Frequently Asked Questions

Where does IDF get its information from for the statistics found in the Diabetes Atlas?

IDF gathers information from peer-reviewed journals, national health statistics reports, reports from international agencies such as the CDC and WHO (including STEPwise approach to surveillance reports), and from personal communication with investigators within the IDF network. These studies are then judged for quality and used to generate the estimates for diabetes found in the IDF Diabetes Atlas. Estimates for mortality and health expenditures rely on IDF prevalence data and other WHO figures to estimate the number of deaths and the medical costs attributable to diabetes.

When should I use national prevalence and how is this calculated?

The national prevalence is a percentage of the number of adults (20 – 79 years) who have diabetes in the given year (either 2014 or 2035) in a country or region. It is calculated by taking the number of cases in adults and dividing by the total population in adults. The national prevalence should be used when reporting statistics for just one country or region, or when the statistics being reported are not for comparison. If you are comparing one country or region to another, you should use the comparative prevalence.

When should I use comparative prevalence and how is this calculated?

The comparative prevalence allows us to adjust for the fact that there are different proportions of young and old people in different countries. In order to compare these countries, we take the national prevalence and make an adjustment to estimate what the prevalence would be for that country if the distribution of the population in different ages were different. The distribution that is used for this calculation is applied to all countries in the same way and is based on a 1998 distribution developed by the WHO in order to compare the relative burden of diseases in different countries.

What factors does IDF take into account when calculating the Atlas 2035 projections?

For projections, we only use changes in the predicted population and urbanization changes available from the UN Population Division. We do not include any predictions for changes in obesity or other risk factors. The projections are therefore quite conservative.

Are undiagnosed cases part of the number of cases for 2014 or in addition to the total?

Undiagnosed cases are already included in the total number of cases reported.

I notice that some of the national prevalence country data is less than the previous of the Atlas. Why is this?

The numbers of cases or the prevalence in a country may have decreased from previous editions because IDF was able to make some assumptions more precisely by utilizing better quality information. Lower figures are most likely due to a change in the source data (e.g. epidemiology studies, United Nations population estimates, World Bank income groups), and not due to an actual decrease in diabetes prevalence. Every country that has studies with consistent methodology over multiple years reports a consistent increase in diabetes.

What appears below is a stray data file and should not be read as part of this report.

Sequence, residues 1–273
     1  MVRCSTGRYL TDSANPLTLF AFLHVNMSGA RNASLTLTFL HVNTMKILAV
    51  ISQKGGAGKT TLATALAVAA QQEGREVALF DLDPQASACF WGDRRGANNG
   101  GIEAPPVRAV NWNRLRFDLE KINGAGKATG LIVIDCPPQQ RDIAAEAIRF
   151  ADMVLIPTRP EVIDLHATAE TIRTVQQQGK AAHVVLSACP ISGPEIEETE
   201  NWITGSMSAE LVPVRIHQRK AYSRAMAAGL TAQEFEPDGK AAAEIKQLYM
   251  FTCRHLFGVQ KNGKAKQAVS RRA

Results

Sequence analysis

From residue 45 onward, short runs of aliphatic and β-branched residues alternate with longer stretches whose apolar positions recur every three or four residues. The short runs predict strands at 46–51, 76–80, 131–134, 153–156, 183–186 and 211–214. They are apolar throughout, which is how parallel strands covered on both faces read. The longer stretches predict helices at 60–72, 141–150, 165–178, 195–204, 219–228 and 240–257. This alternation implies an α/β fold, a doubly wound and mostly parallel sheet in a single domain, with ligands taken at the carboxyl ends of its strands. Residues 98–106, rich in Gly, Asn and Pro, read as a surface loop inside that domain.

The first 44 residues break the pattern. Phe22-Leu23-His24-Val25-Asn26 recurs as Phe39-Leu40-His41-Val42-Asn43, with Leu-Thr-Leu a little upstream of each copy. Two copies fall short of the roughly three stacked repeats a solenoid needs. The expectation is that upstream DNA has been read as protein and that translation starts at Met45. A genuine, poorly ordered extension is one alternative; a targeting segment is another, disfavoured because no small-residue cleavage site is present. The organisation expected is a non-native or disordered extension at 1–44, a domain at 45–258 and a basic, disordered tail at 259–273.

Why has the prevalence and the absolute number of people with diabetes decreased in the Europe and Western Pacific region in 2014 compared to 2013?

New higher quality epidemiological studies conducted in Europe and the Western Pacific Region were published in 2014. Moreover, updated 2014 World Bank income group classifications and United Nations Urbanization were integrated into the model used to generate the estimates. Integrating these new data into the calculations resulted into lower comparative prevalence estimates for these two regions. The reasons for a decrease in the estimates in each particular country (due to either change in the epidemiological study, World Bank classification, or urbanization level) are complex. If you have any particular concern, contact the epidemiology team by e-mail atlas@idf.org

If the prevalence rates in some countries have decreased in recent years, how can IDF say that diabetes is on the increase?

Every country that has studies with consistent methodology over multiple years reports a consistent increase in diabetes. Our estimates may have decreased in some countries because we were able to make some of our assumptions more precise. Thus, actual numbers may change slightly but the overall trend is increasing for all countries.

What are the main factors, according to the Atlas, driving the diabetes epidemic?

There are a number of factors driving the diabetes epidemic but the most significant are those associated with type 2 diabetes: poor diet, less physical activity, and increases in life expectancy. We also note an increase in type 1 diabetes of around 3% a year in children, and the causes of this are still being investigated.

How does IDF propose we start to tackle this epidemic?

IDF has released a Global Diabetes Plan which outlines policies that will go far in preventing new cases of diabetes, providing good care to those with the diseases, and reducing the discrimination faced by those with diabetes. Countries must demonstrate their commitment to turning the tide on diabetes by implementing these policies across many sectors.